How to Design With Shoji Wall Panels

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You can design with shoji wall panels in a variety of ways, including using the traditional Japanese latticed wooden frames with translucent white paper panes to define permanent spaces and adjustable spaces, or to create smaller dimensions for boxes, fixtures and windows. Consider the possible benefits and drawbacks of diverse shoji wall panels, also called shoji screens or simply shoji, for your desired visual and practical effect. Evaluate buying or building the shoji wall panels and integrating the planned design with other Japanese elements.

Things You'll Need

  • Shoji photos
  • Shoji designs
  • Camera
  • Tape measure
  • Graph paper
  • Large sheet
  • Study the advantages and disadvantages of shoji wall panels before designing the space. Consider both the desired function of the shoji screens and their aesthetics as well as the possible obstruction of movement, view or light. Look at photos and designs of existing shoji to guide you as you measure, draw and design.

  • Consider using permanent shoji wall panels. Permanent panels usually slide on top and bottom tracks. You can design shoji entry doors, interior doors, closet doors, room dividers, and walls. Measure and calculate carefully when planning permanent shoji design. Use a camera to photograph the space to clarify its visual elements, use a tape measure to measure the space, draw out the design on graph paper, and test how the shoji will impact the space by holding up a large sheet or sheets to simulate the shoji screen.

  • Think about adjustable shoji wall panels. Design an adjustable space using folding shoji screens to hide clutter, transform a room into a bedroom by night or a workspace by day, shield meditation areas, make instant guest rooms, divide dining and cooking areas, or separate individual workspaces. Consider folding the shoji flat for easy storage when not in use. Fold a piece of paper to visualize how the shoji screen will work.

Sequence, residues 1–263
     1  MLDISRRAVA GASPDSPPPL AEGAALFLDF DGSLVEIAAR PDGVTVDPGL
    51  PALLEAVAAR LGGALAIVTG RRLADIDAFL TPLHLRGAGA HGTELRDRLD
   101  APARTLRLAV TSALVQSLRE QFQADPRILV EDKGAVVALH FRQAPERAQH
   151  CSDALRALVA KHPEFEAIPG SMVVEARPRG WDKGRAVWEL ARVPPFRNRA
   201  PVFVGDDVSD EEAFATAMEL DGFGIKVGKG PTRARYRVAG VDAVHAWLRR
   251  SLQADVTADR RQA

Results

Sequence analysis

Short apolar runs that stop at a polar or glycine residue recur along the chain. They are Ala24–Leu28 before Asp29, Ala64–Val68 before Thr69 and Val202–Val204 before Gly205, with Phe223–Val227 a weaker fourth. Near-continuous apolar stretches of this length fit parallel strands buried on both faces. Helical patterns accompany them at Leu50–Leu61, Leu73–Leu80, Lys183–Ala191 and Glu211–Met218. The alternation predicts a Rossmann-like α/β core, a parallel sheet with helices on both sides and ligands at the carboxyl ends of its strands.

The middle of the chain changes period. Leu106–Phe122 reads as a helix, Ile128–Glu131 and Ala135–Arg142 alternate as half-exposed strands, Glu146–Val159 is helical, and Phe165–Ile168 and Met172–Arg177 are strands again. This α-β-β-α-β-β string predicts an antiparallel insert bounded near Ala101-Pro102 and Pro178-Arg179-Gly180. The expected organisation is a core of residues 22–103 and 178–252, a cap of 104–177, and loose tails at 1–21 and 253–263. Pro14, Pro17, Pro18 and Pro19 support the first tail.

• Design smaller shoji pieces by using reduced versions of the shoji wall panels singly or connected together in various formations. Consider small panels of shoji design for windows or cabinet doors. Draw up plans for small folding shoji screens to diffuse light shining on plants or other light-sensitive treasures. Concoct boxes for storage, lampshades, or skylights. Engineer an open-sided shoji box for art objects.

  • Evaluate making or buying your own shoji wall panels. You’ll need woodworking skills including sawing, planing, chiseling or routing, layout, and joinery to build a shoji design of frame, lattice, and panes. Alternatively, you might buy prefabricated shoji wall panels, have them custommade, or assemble the shoji design from a kit.

  • Decide if you wish to incorporate other Japanese elements into the shoji-defined space. Add tatami mats, Japanese furniture, and shoji lamps for a traditional Japanese look. Or integrate minimalist Western style furnishings with the shoji design.

  • Choose which shoji wall panel pieces will work best for you practically and aesthetically, and develop your final designs.

Tips & Warnings

  • Consider non-traditional materials such as fabric, fiberglass, or glass for the panes of the shoji wall panels.
  • Vary your design with varieties of wood and paint for the frame and lattice of your shoji.
  • Evaluate if the addition of shoji screens to divide your space feels too confining.
  • Look to see if the planned shoji wall panel matches the existing aesthetic style of the intended space.

References

  • Photo Credit Ryan McVay/Lifesize/Getty Images
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